1. Start at Home
Investing in your home
Don’t Over Glam

Start at home can mean two things. The first is about investing in your own home. You need a place to live and you might as well create some equity out of that expense. Keep in mind that real estate isn’t always a great investment. Like everything else, the price you pay matters. You will also need to ensure that you maintain that property for it to hold its value. And you need a buyer. Something is only worth as much as someone else will pay for it. Don’t over glam as you risk pricing yourself out of your market area.

 

 

  1. Invest in What You Know
Invest in What you Know
You Know Optometry

This is the second point of starting at home. What do you know about?

Optometry is a given. So invest in your own practice. Here you will have control over the decisions that will directly impact your bottom line. You know it and can control it.

 

 

 

  1. Invest in Profitable Businesses

When it comes to investing in an optometry practice or in owning marketable securities, you always want to own businesses that are profitable. In practice you can turn a fledging private business around and make it profitable. In publicly traded securities you don’t have that kind of control or impact, so it’s vital that the business is profitable and run well.

Profitable businesses have sufficient cash flow to pay their debts (yes, successful businesses know how to use leverage to their advantage), are able to roll profits into expansions and growth, and most importantly, can pay their owners a dividend. It’s vital that you get paid for taking on any risk of business ownership. Seems so basic that most people forget this tenant of investing!

  1. Invest in Sustainable Businesses
Profitable businesses
Standing the Test of Time

Green sustainability aside, a sustainable business is one that is durable and can stand the test of time. These are businesses that, quite simply, are difficult to live without, difficult to compete with, and difficult to replicate.

In Canada, think of CN Rail – it moves, literally, boatloads of goods across a vast distance very efficiently. It would be ridiculous to think that a competitor could easily come in and create a competing railroad today.

 

  1. Price Matters
EBITDA
Understand Prices

As mentioned with real estate, price matters at all times when buying investments. The price you pay for your optometric practice should be manageable and easily recouped by profits over a period of typically 5 to 10 years. The price you pay for marketable securities is also key to seeing growth. No business out there is worth an inflated price.

Think about multiples. You often hear that practices are selling for 3-5X EBITA (earnings before interest, taxes and amortization). This same factor applies to business stocks. It’s common on the stock market to pay over 100X earnings. In fact, at the start of the tech buzz, CISCO was priced at valuations over 200X P/E (price to earnings). CISCO has gone on to be a great business worth owning – but if you bought it at these ridiculous prices, you are still down on your investment. No business is worth an outrageous price.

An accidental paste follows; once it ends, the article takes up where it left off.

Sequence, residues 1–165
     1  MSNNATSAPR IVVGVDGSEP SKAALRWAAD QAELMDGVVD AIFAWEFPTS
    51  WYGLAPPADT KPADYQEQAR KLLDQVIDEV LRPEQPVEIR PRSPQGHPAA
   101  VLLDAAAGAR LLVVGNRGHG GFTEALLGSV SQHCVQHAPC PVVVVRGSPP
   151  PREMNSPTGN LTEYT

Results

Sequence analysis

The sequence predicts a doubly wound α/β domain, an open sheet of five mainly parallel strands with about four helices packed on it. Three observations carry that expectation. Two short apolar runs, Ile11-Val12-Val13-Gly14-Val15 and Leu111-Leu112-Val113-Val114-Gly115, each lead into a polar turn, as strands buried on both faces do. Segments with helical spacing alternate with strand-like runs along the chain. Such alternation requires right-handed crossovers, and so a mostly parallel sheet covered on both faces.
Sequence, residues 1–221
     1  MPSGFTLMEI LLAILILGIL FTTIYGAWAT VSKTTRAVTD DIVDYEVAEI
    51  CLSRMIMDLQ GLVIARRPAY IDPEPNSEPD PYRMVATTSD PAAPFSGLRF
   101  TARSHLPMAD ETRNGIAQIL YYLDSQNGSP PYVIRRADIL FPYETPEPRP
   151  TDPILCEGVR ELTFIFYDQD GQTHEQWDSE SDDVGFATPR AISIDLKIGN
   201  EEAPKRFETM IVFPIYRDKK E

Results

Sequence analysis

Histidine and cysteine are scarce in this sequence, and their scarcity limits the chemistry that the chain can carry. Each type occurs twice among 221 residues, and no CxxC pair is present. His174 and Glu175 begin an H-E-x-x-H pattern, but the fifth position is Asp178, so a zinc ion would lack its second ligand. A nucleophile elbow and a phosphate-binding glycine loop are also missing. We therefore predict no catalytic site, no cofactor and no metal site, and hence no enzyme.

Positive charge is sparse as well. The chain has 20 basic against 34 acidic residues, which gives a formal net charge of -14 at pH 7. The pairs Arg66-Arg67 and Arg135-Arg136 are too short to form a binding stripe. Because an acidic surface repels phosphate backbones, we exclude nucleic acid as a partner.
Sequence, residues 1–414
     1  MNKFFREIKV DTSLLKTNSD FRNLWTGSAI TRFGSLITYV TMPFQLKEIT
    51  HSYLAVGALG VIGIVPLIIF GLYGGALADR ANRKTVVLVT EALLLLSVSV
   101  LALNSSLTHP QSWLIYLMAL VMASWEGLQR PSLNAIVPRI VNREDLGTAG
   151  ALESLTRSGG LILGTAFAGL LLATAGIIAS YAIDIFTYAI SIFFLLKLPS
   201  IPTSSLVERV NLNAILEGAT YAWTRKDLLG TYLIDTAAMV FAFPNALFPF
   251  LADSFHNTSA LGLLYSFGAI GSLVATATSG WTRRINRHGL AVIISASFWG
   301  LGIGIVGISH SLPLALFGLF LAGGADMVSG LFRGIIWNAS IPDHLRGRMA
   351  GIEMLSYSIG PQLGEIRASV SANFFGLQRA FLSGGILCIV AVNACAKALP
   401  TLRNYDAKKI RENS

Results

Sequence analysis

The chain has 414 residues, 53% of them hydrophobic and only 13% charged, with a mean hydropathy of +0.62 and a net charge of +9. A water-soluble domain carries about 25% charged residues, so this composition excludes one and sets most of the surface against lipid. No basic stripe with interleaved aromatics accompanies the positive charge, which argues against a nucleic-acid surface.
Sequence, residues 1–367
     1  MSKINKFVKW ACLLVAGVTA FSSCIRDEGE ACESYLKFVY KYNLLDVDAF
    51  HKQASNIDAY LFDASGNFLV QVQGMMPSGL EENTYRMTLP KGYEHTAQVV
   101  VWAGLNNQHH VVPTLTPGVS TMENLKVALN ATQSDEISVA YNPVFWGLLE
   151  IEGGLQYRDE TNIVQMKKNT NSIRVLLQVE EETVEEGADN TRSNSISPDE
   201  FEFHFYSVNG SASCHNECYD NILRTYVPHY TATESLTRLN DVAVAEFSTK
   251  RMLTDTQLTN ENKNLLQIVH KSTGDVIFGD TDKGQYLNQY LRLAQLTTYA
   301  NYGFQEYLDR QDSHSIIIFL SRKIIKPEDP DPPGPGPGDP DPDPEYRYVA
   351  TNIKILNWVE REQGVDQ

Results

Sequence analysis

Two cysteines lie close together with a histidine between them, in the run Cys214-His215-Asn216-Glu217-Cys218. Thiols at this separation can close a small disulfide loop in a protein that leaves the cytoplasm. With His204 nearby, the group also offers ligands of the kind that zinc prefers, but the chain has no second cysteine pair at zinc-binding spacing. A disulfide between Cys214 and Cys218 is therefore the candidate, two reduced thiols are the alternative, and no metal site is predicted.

You can also think of P/E as the number of years it takes to recoup your investment. If something is trading at 200X P/E it will take you 200 years of current earnings to break even. I know I won’t be around long enough to see that happen!

In Summary

Investing shouldn’t be a game you play. It should be done with intention and knowledge. Knowing what you own and why you own it is the basis of all good investments.

Advisory

As your Chief Financial Officer, I am here to help guide you through the various areas of wealth creation. Helping you understand your money and assisting you in making smart financial decisions about your debt repayment, insurance protection, tax management and wealth, are just some of the ways that I work as your fiduciary.

Have more questions than answers? Educating you is just one piece of being your personal CFO that we do. Call (780-261-3098) or email (Roxanne@C3wealthadvisors.ca) today to set up your next conversation with us.

Roxanne Arnal is a former Optometrist, Professional Corporation President, and practice owner. Today she is on a mission of Empowering You & Your Wealth with Clarity, Confidence & Control.

These articles are for information purposes only and are not a replacement for personal financial planning. Everyone’s circumstances and needs are different. Errors and Omissions exempt.

ROXANNE ARNAL,

Optometrist and Certified Financial Planner

Roxanne Arnal graduated from UW School of Optometry in 1995 and is a past-president of the Alberta Association of Optometrists (AAO) and the Canadian Association of Optometry Students (CAOS).  She subsequently built a thriving optometric practice in rural Alberta.

Roxanne took the decision in  2012 to leave optometry and become a financial planning professional.  She now focuses on providing services to Optometrists with a plan to parlay her unique expertise to help optometric practices and their families across the country meet their goals through astute financial planning and decision making.

Roxanne splits EWO podcast hosting duties with Dr. Glen Chiasson.